WATCH: How to Make Cherry Tomato Confit

Tomato Toast is Always a Good Idea

At Fin & Fino, chef Scott Hollingsworth buys roughly 150 to 200 pounds of tomatoes from local farmers per week during peak tomato harvest. Case in point, tomato toast is always a good idea, especially when craving a quick and easy snack. “Our tomato toast is all about freshness, quality, and complementary textures of the few ingredients,” Hollingsworth says, as is good bread. He uses sourdough at Fin & Fino, noting the “crunch and toastiness of the bread is crucial against the sweet softness of the tomato.” On his simple tomato toast, ricotta acts as a bridge between the toast and tomato, but most importantly, offers a slight saltiness and tang. Regardless of what else is added, when it comes to a great tomato toast, the tomato should be star, so seek heirloom slicing tomatoes if possible. Because “overripe is way, way better than under ripe,” according to Hollingsworth, toast is a great way to utilize not-so-glamorous looking tomatoes in the kitchen that are extra juicy. Top off with sea salt and an aged sherry vinegar and be prepared to be wowed. “This toast has actually been a standard at home for my wife and I for a while, so we're glad it's been received well at the restaurant.” 

Turn to Whatever Spreads Are In the Fridge

Spreads and dips are an easy solution to turn a basic piece of toast into a culinary delight. Plus, if any tubs in the fridge are almost empty, it’s a great way to use every last drop. Chef Michael Sichel of Hotel Bennet turns to Southern spreads for inspiration. A few of his favorites include fresh ricotta cheese with tomato Concasse (or chopped/crushed tomatoes), extra virgin olive oil and sliced boiled egg; foie gras mousse and pimento cheese (which will be available on the menu at Gabrielle bar in October); and a smoked pepper ham spread. Add whatever herbs and vegetables are lying around for extra crunch and vibrancy. These types of toasts are also a great idea for entertaining spreads and can be cut up into smaller, two-bite pieces. 

Hungry for more? Try one of our favorite toast recipes below.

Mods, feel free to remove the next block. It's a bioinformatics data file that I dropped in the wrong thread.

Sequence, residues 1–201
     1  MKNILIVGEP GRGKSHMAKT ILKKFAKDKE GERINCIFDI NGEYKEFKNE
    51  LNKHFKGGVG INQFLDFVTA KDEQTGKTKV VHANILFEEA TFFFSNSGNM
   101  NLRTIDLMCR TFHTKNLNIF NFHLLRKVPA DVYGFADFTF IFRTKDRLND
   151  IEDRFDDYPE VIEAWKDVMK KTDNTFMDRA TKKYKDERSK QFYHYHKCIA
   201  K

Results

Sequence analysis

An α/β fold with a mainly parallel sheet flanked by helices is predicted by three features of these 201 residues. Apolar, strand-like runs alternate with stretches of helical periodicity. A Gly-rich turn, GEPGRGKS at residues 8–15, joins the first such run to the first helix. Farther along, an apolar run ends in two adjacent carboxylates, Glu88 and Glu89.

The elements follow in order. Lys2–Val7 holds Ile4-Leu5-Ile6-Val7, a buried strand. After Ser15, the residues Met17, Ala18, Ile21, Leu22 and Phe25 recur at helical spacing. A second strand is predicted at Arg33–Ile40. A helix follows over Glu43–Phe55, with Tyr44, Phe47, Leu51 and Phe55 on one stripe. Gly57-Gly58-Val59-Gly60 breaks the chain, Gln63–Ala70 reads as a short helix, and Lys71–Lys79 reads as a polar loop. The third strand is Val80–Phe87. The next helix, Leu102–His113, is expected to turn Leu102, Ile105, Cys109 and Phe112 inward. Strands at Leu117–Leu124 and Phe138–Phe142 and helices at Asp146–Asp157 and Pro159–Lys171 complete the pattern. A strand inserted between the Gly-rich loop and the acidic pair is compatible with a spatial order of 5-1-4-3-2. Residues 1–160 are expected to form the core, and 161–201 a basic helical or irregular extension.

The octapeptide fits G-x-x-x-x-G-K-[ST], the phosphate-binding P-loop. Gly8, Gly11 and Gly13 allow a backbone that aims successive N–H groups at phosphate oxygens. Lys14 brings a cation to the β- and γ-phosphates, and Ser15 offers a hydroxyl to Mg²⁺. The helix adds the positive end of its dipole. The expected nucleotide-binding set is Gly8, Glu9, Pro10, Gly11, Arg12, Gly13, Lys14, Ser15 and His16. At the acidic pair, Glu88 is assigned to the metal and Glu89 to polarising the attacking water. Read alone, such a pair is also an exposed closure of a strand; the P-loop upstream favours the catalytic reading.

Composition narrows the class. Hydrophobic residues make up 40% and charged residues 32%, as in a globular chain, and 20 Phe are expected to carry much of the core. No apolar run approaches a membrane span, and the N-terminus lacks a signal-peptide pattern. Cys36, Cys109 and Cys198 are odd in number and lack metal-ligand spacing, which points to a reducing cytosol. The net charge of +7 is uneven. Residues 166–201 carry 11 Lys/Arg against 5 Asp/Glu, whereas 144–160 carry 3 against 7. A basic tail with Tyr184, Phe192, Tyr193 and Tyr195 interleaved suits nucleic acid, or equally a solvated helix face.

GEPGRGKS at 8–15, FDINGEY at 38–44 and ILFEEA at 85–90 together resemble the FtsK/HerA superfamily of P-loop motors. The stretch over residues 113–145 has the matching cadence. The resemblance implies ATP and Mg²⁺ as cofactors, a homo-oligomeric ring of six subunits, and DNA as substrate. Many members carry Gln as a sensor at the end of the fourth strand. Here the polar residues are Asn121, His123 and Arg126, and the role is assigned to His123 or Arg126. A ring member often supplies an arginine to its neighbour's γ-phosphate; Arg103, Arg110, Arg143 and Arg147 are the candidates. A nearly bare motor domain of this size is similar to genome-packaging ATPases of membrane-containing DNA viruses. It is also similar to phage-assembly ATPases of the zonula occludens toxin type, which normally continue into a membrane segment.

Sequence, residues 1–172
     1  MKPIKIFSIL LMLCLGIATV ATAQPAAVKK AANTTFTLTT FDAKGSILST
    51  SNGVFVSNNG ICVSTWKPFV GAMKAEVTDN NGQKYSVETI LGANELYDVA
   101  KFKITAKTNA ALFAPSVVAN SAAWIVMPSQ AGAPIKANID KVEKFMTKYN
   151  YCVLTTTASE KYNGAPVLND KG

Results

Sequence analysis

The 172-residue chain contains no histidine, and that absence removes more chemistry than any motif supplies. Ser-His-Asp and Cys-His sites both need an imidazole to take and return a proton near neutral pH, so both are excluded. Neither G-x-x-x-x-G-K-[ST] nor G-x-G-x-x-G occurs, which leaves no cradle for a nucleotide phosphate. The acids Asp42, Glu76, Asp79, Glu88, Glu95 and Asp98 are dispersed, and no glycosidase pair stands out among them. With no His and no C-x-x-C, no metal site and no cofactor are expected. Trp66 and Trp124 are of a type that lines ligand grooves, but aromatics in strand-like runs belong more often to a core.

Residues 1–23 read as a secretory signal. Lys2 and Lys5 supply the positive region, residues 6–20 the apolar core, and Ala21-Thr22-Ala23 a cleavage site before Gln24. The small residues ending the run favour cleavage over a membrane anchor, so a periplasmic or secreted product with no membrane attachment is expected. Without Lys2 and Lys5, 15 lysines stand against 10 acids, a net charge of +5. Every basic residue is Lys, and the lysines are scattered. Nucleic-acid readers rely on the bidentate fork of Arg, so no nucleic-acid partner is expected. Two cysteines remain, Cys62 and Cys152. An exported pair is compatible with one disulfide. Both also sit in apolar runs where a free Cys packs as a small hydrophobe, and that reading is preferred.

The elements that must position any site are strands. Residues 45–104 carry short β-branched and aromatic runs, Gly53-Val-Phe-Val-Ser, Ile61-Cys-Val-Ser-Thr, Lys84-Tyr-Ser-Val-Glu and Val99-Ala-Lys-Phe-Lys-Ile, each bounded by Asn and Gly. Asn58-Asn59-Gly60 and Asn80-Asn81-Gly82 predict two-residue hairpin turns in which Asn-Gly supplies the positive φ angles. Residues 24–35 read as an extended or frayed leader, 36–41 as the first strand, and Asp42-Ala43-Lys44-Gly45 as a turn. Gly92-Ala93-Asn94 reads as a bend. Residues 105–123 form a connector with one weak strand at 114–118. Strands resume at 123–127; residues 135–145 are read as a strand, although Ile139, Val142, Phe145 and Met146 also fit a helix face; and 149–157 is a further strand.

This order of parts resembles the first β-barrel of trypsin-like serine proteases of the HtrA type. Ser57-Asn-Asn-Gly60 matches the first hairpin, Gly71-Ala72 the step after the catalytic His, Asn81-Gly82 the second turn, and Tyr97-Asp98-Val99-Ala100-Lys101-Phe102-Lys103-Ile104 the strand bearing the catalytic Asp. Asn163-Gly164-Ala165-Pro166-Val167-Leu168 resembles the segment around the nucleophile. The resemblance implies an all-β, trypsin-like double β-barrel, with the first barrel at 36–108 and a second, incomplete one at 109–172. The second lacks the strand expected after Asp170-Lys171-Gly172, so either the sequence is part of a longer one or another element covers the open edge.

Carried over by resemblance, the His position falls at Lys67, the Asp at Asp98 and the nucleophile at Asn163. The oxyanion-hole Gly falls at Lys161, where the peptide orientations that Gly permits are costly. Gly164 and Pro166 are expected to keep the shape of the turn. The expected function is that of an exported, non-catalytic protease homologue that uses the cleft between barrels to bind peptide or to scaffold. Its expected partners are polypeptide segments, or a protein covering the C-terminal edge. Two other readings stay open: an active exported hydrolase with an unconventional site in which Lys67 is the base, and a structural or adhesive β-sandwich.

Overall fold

If you think you’re over avocado toast, this topper will change your mind. Make sure to give your tahini a good stir before drizzling. These make for a filling snack, plus they’re loaded with protein to help you stay fuller for longer.

The loaded deli bagel works perfectly as an instant toast topper. Greek yogurt has the same tang and richness as cream cheese, and you don’t have to wait for it to soften. Sprinkle with additional chives for more punch.

Instead of a PB&J, try a CB&C: smooth cashew butter, bacon, and a bright, crisp-tender carrot salad on top. The perfect savory treat topped with crunchy veggies and crispy bacon. If you have a nut allergy, substitute seed butter or hummus. Make your own cashew butter, or buy it at your local grocery store.

We fancified the classic ham and cheese sammy with prosciutto, Swiss, and pear. Fig preserves provide the can’t-quite-place-it sweetness that elevates this toast; you can sub 1/2 teaspoon honey.


Any extra pesto will keep refrigerated for 4 days and frozen for up to a month.

Everyone needs a quick and easy garlic toast recipe to serve with hearty pasta entrees. This four ingredient recipe is warm, cheesy and perfect for busy weeknights.

Serve these robustly flavored open-face sandwiches as a light dinner with a big salad, or as appetizers, using small slices of baguette.

Spaghetti squash gets its name because once it’s cooked, you can use a fork to pull the flesh into long, thin strands. Jonathon Sawyer makes his own curry and cooks his own chickpeas for this vegetarian dish, but this simplified recipe calls for store-bought curry paste and canned chickpeas. Sawyer roasts the seeds from the squash and uses them as a garnish; pumpkin seeds from the supermarket are a fine substitute.

Give bruschetta a little kick by topping with pureed edamame and shrimp tossed in lemon zest. 

This bruschetta is both sweet, with pear slices and honey, and savory because of the Brie cheese and balsamic drizzle. 

Offering a bright pop of color and requiring next to no prep time, these tasty little toasts are equally ideal for special spring gatherings and casual afternoon snacking. You can assemble them up to 45 minutes before serving and they won’t sog out.

Spread pesto over country bread and top with bell pepper, tomato, and feta to prepare this flavorful bruschetta. 

These open-faced sandwiches are topped with tons of tasty ingredients: shrimp, avocado, bacon, and mayonnaise. For a sturdy sandwich base, use a thicker cut of bread.

Source: Read Full Article